Mortgages & Creative Financing

SEC Approves Changes to Crowdfunding Laws

Expertise: Mortgages & Creative Financing, Real Estate Marketing
12 Articles Written
real estate crowdfunding concept on gearwheels

On November 2, the Securities and Exchange Commission approved increasing the maximum raise under Regulation Crowdfunding from $1.07 million to $5 million—a significant acknowledgment of the success of equity crowdfunding.

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SEC Amends Security Act of 1933

Following are some of the other approved changes.

Removal of Investment Limits for Accredited Investors

Until now, there have been limitations on the amount an accredited investor can invest in a Regulation Crowdfunding (Reg CF) offering. The SEC has eliminated those restrictions. This increases the ability of small real estate entrepreneurs to raise capital by allowing them to raise money using Reg CF without limiting the amounts they can raise from the wealthiest investor pool: accredited investors.

Related: Tech Is ‘Democratizing’ Real Estate—Creating Big Opportunities for Syndicators & Investors

Improvement of Investment Limits for Non-Accredited Investors

The SEC has altered the way in which the limit non-accredited investors can put into any deal is calculated. This also increases the amount of money a sponsor can raise by allowing non-accredited investors to invest more than previously permitted.

Limits are now calculated "using the greater of their annual income or net worth when calculating the investment limits for non-accredited investors," per the SEC’s announcement.

people paper cutouts in front of stacks of coins

Introduction of ‘Test the Waters’ & ‘Demo Day’ Communications

This amendment permits issuers to determine which regulation they will ultimately use for a capital raise before formally filing with the SEC through a process known as “testing the waters.” It allows sponsors to test market their deals to see if there is investor interest before incurring the time and expense of first filing with the SEC only to discover afterward that their deal is a dud.

Similar to testing the waters campaigns, the SEC has further liberalized “demo days.” These events are designed to allow sponsors to discuss deals with prospective investors prior to actively soliciting investment. These events are no longer considered “general solicitation,” which would require filing with the SEC. These opportunities to discuss deals openly with investors are typically used by (non-real estate) startups to discuss their products and services—but equally apply to real estate companies with new deals to finance.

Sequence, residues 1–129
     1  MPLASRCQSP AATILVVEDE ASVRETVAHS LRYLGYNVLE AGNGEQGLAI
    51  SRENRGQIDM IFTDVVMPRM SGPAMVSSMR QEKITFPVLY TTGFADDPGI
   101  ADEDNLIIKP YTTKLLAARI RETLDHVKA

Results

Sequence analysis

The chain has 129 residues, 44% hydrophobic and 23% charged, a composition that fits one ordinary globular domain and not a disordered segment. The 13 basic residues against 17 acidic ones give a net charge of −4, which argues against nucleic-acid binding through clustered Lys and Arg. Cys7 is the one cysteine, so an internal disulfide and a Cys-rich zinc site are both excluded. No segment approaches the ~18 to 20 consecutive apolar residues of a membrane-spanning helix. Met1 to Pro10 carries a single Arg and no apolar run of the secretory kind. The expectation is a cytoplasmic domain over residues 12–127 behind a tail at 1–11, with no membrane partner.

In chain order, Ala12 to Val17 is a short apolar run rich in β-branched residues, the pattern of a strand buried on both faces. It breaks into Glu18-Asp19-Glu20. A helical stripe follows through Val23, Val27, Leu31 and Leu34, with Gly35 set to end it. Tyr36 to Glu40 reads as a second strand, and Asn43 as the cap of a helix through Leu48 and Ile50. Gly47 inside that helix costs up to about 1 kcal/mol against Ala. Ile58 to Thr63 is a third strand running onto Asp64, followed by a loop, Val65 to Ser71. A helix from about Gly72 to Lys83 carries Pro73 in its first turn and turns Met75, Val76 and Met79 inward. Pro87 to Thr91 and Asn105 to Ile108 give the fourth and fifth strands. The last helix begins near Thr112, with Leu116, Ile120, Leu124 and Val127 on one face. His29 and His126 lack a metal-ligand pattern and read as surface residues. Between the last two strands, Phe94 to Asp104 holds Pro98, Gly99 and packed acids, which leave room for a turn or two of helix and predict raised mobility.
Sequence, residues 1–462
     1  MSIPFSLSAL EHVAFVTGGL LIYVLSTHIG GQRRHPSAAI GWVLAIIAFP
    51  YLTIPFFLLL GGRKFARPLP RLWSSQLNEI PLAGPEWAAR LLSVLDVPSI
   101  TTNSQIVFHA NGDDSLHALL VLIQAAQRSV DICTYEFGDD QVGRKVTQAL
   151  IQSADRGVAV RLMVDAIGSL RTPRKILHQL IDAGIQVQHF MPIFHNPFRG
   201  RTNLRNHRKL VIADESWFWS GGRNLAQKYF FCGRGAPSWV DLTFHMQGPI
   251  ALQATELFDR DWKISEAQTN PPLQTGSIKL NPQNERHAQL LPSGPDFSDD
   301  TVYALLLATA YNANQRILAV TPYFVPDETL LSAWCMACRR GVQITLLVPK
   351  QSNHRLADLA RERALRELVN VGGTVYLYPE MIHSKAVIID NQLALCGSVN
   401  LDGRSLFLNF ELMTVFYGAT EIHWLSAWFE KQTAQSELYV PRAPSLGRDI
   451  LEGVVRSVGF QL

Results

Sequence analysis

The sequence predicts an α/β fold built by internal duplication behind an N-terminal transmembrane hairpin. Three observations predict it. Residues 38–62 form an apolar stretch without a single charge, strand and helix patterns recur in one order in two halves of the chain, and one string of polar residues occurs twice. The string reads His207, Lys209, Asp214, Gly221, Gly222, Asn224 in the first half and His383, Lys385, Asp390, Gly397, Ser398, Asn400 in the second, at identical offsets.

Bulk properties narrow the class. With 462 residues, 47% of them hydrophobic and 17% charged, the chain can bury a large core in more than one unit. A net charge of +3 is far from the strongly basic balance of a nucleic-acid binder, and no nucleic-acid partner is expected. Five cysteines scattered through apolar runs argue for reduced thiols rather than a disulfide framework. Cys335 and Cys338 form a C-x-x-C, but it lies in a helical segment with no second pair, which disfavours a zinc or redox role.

Permission to Use Special Purpose Vehicles

Another new amendment allows the use of special purpose vehicles (SPVs) to invest in Regulation CF deals. This may open the door to feeder funds investing in Reg CF deals.

Related: Crowdfunding: A New Era of Fairness and Efficiency

Increase in Limits for Regulation A+ Offerings

The maximum that can be raised under Regulation A+ has increased 50% from $50 million to $75 million (Tier 2). Regulation A+, open to non-accredited and accredited investors alike, are sometimes called “mini-IPOs.” While they do not incur the same time, cost, and disclosure requirements as a full IPO, they are more restrictive than Reg CF offerings, yet allow for general solicitation of investment from the general public.

When Regulation Crowdfunding was first being debated by Congress prior to the passing of the 2012 JOBS Act, the limit of $5 million was rejected out of concern that there would be fraud. Now, eight years later, with very few instances of fraud having been perpetrated and uncovered, the SEC has acknowledged the benefits crowdfunding can bring to the overall economy and has increased the maximum limit accordingly.

Watch as Adam Gower discusses with attorney Mark Roderick how original regulations, deemed mistakes, are now being corrected to the benefit of the real estate industry.

How Real Estate Investors Will Benefit